Tuesday, 1 March 2016

Questioning "fixed durations" for different levels of education

One mindset that we need to question in my opinion is different levels of education being associated with a fixed number of years. For example, it is generally expected that everyone take 12 years for high school education. Why should that be so? If someone can move faster, why not? On the other hand if someone needs more time, what's the problem? The point is to learn and understand different subjects properly. Whether one does it in 8 years or 12 years or 15 is hardly relevant in my opinion. Secondly, I think we need to think about bringing in a system which allows different subjects to be covered at different speeds. For example Maths may come easy to someone while Chemistry may take a bit of time. Why not allow such a student to move from year to year faster in Maths and slower in Chemistry?
Likewise for undergraduate education. We have fixed notions: 3 years for B.A. / B.Sc / B.Com, 4 years for B.E. / B.Tech., etc. Again, why should we think of these programs in terms of any fixed duration of time? Instead, wouldn't it be better to focus on what needs to be learned and absorbed properly and be flexible about the time it may take someone to do so? If someone finishes their B.Tech. in 3 years: Cool. If someone takes 7: That's cool too. (Within reasonable limits of course: we don't want people becoming lazy in the name of learning slowly)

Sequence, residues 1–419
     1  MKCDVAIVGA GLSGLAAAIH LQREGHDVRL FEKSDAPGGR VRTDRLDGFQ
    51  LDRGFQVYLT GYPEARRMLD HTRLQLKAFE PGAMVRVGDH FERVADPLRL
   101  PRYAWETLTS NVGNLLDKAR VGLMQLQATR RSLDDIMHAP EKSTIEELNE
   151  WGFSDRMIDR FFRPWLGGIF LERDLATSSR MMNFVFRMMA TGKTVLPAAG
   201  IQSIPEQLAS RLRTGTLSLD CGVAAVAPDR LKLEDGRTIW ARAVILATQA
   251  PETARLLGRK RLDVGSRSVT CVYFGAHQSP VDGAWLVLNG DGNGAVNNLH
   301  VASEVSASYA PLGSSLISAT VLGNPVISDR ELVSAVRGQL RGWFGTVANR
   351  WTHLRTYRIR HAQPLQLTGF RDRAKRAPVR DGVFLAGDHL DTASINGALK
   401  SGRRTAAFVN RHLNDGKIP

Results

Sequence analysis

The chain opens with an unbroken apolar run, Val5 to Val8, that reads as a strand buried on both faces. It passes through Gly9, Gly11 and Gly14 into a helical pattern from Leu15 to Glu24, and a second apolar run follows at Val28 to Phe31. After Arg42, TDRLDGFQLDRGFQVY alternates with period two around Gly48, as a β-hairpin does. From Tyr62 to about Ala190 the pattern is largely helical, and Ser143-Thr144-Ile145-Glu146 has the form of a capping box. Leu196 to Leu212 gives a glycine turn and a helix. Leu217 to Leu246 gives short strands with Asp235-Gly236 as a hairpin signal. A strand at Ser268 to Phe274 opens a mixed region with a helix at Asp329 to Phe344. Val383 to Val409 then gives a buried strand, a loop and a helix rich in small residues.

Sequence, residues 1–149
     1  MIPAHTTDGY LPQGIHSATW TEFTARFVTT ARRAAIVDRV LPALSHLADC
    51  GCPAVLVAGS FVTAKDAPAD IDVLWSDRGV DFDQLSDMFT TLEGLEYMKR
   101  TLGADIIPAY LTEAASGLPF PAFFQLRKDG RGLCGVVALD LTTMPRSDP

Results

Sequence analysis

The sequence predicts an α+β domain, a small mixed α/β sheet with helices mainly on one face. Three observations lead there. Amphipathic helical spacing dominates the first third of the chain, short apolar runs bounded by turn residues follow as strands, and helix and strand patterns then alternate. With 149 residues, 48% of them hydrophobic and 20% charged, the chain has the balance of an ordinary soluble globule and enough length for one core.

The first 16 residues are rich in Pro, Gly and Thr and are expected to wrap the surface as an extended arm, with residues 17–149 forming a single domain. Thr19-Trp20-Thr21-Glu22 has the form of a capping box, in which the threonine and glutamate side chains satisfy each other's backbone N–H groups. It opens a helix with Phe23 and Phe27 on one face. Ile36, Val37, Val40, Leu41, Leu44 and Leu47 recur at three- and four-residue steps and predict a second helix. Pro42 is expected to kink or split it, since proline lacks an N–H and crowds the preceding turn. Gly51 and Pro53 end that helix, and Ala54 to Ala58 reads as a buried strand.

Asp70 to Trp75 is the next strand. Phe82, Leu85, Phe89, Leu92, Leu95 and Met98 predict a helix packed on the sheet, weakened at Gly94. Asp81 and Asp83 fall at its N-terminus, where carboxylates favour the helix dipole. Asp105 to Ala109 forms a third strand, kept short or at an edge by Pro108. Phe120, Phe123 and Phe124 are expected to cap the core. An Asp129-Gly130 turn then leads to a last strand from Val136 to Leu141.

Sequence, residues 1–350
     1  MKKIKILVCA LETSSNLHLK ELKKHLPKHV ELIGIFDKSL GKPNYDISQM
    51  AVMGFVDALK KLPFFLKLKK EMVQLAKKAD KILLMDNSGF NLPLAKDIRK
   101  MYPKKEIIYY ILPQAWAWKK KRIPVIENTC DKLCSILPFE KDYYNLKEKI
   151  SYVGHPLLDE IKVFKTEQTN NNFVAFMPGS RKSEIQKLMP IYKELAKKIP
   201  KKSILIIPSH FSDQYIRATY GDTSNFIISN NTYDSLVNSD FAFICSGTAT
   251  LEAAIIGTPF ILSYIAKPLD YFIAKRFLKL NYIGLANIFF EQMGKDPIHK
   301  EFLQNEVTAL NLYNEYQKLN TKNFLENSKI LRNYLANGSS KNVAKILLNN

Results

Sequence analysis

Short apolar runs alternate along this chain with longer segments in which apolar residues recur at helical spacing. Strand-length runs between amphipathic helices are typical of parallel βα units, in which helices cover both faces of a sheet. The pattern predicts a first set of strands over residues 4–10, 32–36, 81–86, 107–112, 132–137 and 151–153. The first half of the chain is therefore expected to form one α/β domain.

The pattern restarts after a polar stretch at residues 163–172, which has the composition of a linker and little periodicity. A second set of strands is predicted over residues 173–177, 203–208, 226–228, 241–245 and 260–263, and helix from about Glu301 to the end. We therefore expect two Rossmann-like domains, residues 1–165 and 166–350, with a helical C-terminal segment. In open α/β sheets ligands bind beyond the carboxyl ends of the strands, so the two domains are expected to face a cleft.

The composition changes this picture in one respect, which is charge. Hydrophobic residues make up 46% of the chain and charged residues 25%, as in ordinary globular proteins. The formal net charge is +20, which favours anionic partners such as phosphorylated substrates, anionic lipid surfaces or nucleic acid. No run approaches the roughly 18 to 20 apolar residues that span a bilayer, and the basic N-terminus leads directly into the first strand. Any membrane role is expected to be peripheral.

A couple of Institutes that I know of in India that have tried to bring in this flexibility at the undergraduate level through the idea of focusing on the "number of credits to be accumulated" instead of "number of years required" are IIT Kanpur and IIT Bombay. I think its a cool initiative. Maybe such an approach needs to be contemplated upon by more schools, colleges, different boards and regulatory bodies.

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